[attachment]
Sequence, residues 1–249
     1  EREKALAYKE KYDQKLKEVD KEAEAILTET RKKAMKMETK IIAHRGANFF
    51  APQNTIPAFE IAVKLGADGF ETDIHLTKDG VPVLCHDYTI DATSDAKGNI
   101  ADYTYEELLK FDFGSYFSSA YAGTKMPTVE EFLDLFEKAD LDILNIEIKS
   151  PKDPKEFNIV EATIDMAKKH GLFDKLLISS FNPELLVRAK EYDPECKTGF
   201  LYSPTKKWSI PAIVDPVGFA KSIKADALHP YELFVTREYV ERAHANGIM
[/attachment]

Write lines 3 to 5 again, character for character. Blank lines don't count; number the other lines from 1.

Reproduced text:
    51  APQNTIPAFE IAVKLGADGF ETDIHLTKDG VPVLCHDYTI DATSDAKGNI
   101  ADYTYEELLK FDFGSYFSSA YAGTKMPTVE EFLDLFEKAD LDILNIEIKS
   151  PKDPKEFNIV EATIDMAKKH GLFDKLLISS FNPELLVRAK EYDPECKTGF